Water safety advocate Laurie Lawrence has welcomed funding from the federal government but urged its Victorian counterpart to step up commitments.
The swimming coach met with Health Minister Sussan Ley on Friday following a $1 million boost to his Kids Alive Do the Five program.
The partnership will see educational resource packs sent to more than 50,000 preschools and early learning centres around Australia over the next two weeks.
Lawrence applauded the pledge but was less convinced about the Victorian government’s announcement to make swimming a mandatory part of the physical education curriculum.
“It’s fantastic the government have said, ‘It’s mandatory kids learn to swim’ … but why didn’t they put some money into it?” he said.
“They’ve pushed it on to the schools to find the money to do it.
“It’s got to be a full government proposition if we’re going to have swimming in schools.”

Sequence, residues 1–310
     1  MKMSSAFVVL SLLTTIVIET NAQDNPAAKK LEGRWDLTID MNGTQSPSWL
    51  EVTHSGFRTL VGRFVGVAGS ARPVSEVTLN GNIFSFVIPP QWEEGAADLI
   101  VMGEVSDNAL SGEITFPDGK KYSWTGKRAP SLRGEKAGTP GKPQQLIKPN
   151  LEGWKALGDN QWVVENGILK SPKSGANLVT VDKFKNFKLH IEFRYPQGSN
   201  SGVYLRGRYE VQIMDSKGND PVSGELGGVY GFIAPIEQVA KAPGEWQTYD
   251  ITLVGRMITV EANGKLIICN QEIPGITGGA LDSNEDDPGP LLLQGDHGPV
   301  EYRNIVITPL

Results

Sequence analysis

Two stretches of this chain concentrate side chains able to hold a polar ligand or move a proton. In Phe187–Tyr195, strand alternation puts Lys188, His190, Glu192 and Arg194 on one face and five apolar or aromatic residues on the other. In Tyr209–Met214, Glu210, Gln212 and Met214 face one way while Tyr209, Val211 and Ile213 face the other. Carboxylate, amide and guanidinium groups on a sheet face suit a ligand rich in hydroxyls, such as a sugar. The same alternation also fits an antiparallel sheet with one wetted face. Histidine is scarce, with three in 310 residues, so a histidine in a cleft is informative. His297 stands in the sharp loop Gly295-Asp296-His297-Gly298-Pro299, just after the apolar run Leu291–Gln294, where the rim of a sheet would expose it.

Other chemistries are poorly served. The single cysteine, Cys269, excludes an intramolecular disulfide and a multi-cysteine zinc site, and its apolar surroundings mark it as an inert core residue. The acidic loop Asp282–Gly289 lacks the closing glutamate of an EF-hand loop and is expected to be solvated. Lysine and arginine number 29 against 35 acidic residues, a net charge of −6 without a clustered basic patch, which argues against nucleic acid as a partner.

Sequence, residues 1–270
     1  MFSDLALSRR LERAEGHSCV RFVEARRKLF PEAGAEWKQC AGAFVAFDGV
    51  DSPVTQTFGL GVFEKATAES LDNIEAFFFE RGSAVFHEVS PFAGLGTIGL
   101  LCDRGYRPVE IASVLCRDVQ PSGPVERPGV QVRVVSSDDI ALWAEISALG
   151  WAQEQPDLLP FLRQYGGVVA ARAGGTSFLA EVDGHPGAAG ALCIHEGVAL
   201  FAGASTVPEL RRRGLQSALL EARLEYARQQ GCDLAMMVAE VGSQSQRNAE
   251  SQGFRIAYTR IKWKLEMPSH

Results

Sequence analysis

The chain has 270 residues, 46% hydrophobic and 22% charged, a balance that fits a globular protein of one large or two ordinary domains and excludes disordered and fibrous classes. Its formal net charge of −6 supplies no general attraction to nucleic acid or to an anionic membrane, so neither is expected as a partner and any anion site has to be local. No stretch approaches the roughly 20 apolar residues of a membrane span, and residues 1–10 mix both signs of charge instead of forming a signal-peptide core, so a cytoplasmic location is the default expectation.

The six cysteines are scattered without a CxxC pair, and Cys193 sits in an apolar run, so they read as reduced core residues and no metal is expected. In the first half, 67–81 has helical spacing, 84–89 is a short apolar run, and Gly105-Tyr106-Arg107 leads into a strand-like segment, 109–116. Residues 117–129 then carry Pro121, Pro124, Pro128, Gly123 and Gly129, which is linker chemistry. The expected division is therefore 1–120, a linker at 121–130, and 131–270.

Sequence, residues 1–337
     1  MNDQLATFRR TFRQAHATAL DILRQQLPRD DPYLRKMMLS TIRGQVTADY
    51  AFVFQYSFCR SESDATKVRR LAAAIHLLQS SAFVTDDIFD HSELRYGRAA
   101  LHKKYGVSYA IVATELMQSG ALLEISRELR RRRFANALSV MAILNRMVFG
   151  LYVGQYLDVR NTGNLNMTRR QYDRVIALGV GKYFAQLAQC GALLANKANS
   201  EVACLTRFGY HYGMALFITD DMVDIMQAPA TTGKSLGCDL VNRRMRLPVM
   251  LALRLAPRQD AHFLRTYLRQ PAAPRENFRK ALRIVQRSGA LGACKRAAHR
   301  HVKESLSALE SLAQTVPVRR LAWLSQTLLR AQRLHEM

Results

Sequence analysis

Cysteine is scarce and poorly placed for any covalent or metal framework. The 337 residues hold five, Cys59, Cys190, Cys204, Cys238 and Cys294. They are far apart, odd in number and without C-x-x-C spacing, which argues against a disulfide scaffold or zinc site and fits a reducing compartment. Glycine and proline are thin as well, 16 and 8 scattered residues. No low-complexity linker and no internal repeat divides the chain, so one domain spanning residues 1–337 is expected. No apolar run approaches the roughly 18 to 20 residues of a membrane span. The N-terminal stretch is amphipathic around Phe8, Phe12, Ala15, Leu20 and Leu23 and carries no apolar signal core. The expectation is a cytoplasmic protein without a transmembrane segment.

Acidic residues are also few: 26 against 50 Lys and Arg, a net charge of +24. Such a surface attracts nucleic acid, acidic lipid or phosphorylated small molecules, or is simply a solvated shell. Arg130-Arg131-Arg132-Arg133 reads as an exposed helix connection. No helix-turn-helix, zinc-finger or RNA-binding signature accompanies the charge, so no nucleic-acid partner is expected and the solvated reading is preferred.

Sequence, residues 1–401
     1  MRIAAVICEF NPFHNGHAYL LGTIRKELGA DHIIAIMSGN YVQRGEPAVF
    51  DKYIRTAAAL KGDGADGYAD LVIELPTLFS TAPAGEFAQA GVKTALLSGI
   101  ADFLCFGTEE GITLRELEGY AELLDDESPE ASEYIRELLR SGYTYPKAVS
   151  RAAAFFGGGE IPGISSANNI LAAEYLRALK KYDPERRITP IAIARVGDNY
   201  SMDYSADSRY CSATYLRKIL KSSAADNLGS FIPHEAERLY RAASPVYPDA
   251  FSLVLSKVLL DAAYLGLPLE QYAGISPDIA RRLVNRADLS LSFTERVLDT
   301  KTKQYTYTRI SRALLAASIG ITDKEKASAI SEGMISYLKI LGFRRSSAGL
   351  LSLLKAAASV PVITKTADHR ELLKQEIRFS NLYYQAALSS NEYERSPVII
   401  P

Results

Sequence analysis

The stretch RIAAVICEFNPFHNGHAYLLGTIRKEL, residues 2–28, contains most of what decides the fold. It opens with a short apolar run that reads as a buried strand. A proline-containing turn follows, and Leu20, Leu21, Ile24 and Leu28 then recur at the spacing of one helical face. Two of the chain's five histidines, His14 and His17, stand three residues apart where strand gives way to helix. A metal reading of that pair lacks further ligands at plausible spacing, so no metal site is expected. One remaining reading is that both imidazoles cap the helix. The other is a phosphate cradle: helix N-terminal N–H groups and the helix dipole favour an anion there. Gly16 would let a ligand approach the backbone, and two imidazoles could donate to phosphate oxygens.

Ms Ley supported the funding of mandatory lessons.
“Absolutely they should – I just think swimming lessons should be the highest priority on the curriculum,” she said.
“I’m open to to any conversations any state ministers want to have with me about making sure that happens.
“Ultimately, it’s a matter for those state governments and their school curriculum.”
A year to July, 280 people drowned, including 21 youngsters aged under four – making for a total 13 higher than the previous year.
In the North East, there have been three near-drownings in the last two months – at Everton, Harrietville and Wodonga.
Ms Ley urged Border residents to play their part in the government’s bid to halve drowning deaths by 2020.
“If you know of someone who’s recently come to this country who doesn’t understand how deadly our rivers can be, talk to them,” she said.
“If you’re a parent, make sure your children go to swimming lessons.
“Make sure that everything that can be done to raise awareness in your family and in your community by you, is being done.”